Created with Sketch.
Up My Nursing Game
61 minutes | Oct 4, 2021
#21 Vancomycin and Oral Diabetic Agents
Listen in as I pick Victoria Arsenault's, PharmD, brain about two totally unrelated topics: vancomycin and oral diabetic agents. Learn more about emergency pharmacy at TILEmergencyPharmacist *TIL= Today I Learned* Residents & students of @ChillaPharmD posting the things they are learning on their emergency medicine pharmacy rotation.Use the promo code UMNG10 to get 10% off your order from Stoggles.Up My Nursing Game is partnering with VCU Health Continuing Education to offer FREE continuing education credits for registered nurses. Click here to obtain nursing credit (1.00).See the show notes at upmynursinggame.com.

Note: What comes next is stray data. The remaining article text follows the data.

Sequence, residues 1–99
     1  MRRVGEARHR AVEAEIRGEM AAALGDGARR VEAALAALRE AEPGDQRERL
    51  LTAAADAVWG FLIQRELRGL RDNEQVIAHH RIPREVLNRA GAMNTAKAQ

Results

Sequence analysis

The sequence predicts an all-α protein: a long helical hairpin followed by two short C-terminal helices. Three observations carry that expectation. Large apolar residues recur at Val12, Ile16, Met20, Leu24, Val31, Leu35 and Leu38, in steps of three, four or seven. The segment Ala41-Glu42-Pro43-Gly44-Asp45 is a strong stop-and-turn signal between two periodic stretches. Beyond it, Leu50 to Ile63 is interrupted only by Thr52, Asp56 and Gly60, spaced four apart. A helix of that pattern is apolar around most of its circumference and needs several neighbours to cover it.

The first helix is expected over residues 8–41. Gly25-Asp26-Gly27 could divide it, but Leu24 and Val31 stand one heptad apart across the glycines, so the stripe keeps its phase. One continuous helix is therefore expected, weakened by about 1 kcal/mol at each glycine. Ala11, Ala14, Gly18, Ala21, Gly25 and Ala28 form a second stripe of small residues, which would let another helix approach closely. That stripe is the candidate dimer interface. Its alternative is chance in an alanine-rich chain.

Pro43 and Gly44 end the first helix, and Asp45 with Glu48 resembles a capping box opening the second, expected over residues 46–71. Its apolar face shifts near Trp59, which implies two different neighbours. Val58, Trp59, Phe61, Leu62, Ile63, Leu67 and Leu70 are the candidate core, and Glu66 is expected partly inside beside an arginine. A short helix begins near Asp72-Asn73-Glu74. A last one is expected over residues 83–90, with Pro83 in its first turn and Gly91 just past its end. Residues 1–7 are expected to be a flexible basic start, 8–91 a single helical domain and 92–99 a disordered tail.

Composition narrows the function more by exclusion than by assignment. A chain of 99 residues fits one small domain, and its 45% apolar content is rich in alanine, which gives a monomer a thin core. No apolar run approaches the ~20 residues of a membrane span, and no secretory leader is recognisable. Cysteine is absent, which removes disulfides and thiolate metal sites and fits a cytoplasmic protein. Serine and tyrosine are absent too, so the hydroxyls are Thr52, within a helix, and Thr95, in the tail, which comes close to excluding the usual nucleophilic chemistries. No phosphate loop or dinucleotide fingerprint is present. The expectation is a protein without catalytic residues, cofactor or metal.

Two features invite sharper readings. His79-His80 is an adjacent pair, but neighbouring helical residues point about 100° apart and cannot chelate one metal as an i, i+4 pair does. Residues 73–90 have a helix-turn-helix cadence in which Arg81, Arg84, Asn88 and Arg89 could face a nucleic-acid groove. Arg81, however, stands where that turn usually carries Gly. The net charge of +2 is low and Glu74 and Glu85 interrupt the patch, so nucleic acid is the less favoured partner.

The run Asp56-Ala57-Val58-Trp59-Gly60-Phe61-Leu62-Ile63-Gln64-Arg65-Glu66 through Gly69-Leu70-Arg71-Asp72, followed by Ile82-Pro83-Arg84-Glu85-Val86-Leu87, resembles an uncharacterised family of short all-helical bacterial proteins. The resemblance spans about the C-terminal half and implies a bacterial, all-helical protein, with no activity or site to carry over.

48 minutes | Sep 6, 2021
#20 Neutropenic Fever
Neutropenic fever is a common hospital presentation for oncology patients. Dr. Darien Reed explains what neutropenic fever is, who is at risk for getting it, important assessment findings, and how we work these patients up.Use the promo code UMNG10 to get 10% off your order from Stoggles.Up My Nursing Game is partnering with VCU Health Continuing Education to offer FREE continuing education credits for registered nurses. Click here to obtain nursing credit (1.00).See the show notes at upmynursinggame.com.
58 minutes | Aug 2, 2021
#19 Interventional Radiology for Nurses